To make a significant increase in the share of renewable energy-to-energy supply become reality, advanced policy measures have to be adopted globally. Governments from all over the world need to implement necessary minimum policy measures to guarantee the further deployment of renewable energy technologies and additional commitments on the international level have to be made. The states that are currently actively promoting renewable energy sources should set up legally binding targets for renewable energy sources in their governing areas. The mandatory targets can also be complemented by financial incentives in the respective countries. This too would be an effective policy to address security of supply, technology development, employment and climate objectives. In the current development policy, the developing countries' governments put little emphasis on RES. One of the main aims should be to create sustainable development in developing countries (access to energy in order to fight...

Environmental Life Cycle Assessment

The cost of CO2 gas mitigation using renewable energy technologies depends on both the difference between the generation costs of the renewable energy systems and the costs of conventional energy generation and the carbon emissions that are displaced by the renewable energy generation. The mitigation costs are usually expressed in units of the cost per unit fossil carbon emissions that are avoided.

Dr Peter Mombaur Beiten Burkhardt Belgium

Therefore, I would like to introduce a very interesting report concerning solar power for the Mediterranean region. This study was made in April 2005 by the German Aerospace Center Institute of Technical Thermodynamics with contributions of researchers from Jordan, Morocco, Egypt, Oman, Bahrain and Algeria. A summary of their report is as follows 1- In the MENA region economic and social development is the first priority. 2-Although climate change is a serious concern, sustainability must also be achieved in terms of economy, affordability, technology, health and social compatibility. A strategy for power and water security must match the time horizon of all sustainability considerations, which is 50 to 100 years and more. 3- By 2050, fossil fired plants will only be used for what they are best suited for peaking demand. Because of this reduction to their key function their use will become environmentally compatible, and their availability will be prolonged for centuries. The...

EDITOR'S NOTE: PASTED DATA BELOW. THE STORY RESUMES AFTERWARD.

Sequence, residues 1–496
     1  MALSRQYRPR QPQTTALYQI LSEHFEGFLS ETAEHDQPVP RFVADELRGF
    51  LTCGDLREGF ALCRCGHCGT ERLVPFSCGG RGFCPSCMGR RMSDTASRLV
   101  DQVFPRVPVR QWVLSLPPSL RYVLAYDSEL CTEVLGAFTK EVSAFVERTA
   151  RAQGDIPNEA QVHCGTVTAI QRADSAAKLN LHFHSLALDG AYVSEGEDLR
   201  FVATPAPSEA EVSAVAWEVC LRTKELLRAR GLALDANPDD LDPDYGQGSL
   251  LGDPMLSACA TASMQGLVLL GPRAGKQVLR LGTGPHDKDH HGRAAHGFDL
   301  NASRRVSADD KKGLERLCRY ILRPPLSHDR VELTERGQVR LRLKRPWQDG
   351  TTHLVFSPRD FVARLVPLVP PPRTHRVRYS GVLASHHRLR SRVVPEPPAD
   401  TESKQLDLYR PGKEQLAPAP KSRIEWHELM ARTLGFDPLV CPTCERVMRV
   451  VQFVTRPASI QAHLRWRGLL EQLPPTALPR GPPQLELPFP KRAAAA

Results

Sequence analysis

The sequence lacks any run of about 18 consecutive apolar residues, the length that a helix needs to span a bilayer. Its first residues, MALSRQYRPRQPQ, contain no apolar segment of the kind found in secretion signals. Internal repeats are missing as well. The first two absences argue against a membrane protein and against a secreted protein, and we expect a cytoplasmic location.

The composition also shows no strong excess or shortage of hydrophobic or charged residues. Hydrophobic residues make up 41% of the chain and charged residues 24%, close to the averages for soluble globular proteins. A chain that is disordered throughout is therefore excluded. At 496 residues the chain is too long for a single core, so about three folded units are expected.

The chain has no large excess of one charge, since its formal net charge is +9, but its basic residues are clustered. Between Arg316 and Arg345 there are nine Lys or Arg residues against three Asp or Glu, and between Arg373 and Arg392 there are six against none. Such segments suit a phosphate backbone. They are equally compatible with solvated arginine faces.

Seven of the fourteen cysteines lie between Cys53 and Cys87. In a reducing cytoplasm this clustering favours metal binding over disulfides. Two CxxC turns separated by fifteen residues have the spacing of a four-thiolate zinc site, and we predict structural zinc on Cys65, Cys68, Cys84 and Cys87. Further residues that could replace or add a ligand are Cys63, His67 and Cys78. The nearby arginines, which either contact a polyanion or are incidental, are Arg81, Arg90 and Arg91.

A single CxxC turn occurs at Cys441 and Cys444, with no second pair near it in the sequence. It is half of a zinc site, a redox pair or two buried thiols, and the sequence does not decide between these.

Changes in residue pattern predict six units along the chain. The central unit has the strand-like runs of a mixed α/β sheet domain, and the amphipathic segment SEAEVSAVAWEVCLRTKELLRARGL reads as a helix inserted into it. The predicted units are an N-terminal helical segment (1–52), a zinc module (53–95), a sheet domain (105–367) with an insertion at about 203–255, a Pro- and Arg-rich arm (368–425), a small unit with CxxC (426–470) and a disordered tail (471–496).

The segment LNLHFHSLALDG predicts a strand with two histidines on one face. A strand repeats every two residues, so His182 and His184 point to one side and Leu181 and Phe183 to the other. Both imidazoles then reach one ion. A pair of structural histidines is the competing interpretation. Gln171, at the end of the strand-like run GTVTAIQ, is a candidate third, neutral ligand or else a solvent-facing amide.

Questions and Comments

Von Goerne We should have fixed taxes for specific purposes. If taxes on petroleum products are not uniform, then people would drive across the border to get the cheaper fuel, as happens now in some European states. Also some European taxes on gasoline go into the treasuries of retirement funds instead of renewable energy.

Conclusion Of Report On Solar Parabolic Collector

This chapter presents a review and analysis of solar-driven heat engines for power generation with relevance to residential applications. The impact of solar systems on sustainable development is quantified based on fossil fuel vs solar energy utilization factors predicted over the next decades and by sustainability factor as introduced also in other works, e.g., by Dincer and Rosen (2005). The established large-scale and small-scale systems are presented and analyzed based on their The optimization of the solar-driven heat engine is important for obtaining a low-levelized electricity cost and augmented CO2 mitigation through solar power generation. With this fact in mind we developed here a model for a solar heat engine and optimization and identified the important optimization parameters which are the quality of the optical system expressed in terms of angular error S, the concentration ratio C, the rim angle (, the collector temperature corroborated with the insolation, as...

Parabolic Solar Dish System

Receiver Dish Solar

In what follows, we illustrate the benefits of solar power generation on sustain-ability, on reducing greenhouse gas emission and on reducing global warming by a case study. The study refers to a residential (single) unit for solar power conversion based on a paraboloidal mirror that is illustrated in Fig. 4.6. The solar dish concentrates the insolation on a glazed tube receiver that plays the role of desorber for an ammonia-water Rankine cycle. For expansion and work production, a scroll machine is capable of operating in a two-phase regime. The rejected heat of the The first step in solar energy system modeling and its design calculations is to determine the solar collector geometry and characteristics for maximum performance. This, in fact, is to maximize the collector efficiency. The derivation of the collector's efficiency results from the energy balance stating In Eq. (4.4), the intercept factor y JZpTa which represents the ratio between solar energy flux absorbed by the...

System Description and Control Strategy